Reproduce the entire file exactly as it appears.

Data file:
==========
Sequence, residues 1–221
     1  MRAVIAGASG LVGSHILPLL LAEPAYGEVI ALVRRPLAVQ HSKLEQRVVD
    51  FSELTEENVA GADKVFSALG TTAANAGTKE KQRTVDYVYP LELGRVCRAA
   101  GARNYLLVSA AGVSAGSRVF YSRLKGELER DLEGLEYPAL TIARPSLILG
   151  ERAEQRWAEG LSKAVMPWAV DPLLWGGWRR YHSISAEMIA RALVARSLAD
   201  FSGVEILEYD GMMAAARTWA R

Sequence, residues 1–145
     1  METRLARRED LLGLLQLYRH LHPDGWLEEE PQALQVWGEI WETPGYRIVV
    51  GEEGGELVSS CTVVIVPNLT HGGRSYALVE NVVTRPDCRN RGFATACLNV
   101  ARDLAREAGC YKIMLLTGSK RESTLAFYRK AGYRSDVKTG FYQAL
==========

Sequence, residues 1–221
     1  MRAVIAGASG LVGSHILPLL LAEPAYGEVI ALVRRPLAVQ HSKLEQRVVD
    51  FSELTEENVA GADKVFSALG TTAANAGTKE KQRTVDYVYP LELGRVCRAA
   101  GARNYLLVSA AGVSAGSRVF YSRLKGELER DLEGLEYPAL TIARPSLILG
   151  ERAEQRWAEG LSKAVMPWAV DPLLWGGWRR YHSISAEMIA RALVARSLAD
   201  FSGVEILEYD GMMAAARTWA R

Sequence, residues 1–145
     1  METRLARRED LLGLLQLYRH LHPDGWLEEE PQALQVWGEI WETPGYRIVV
    51  GEEGGELVSS CTVVIVPNLT HGGRSYALVE NVVTRPDCRN RGFATACLNV
   101  ARDLAREAGC YKIMLLTGSK RESTLAFYRK AGYRSDVKTG FYQAL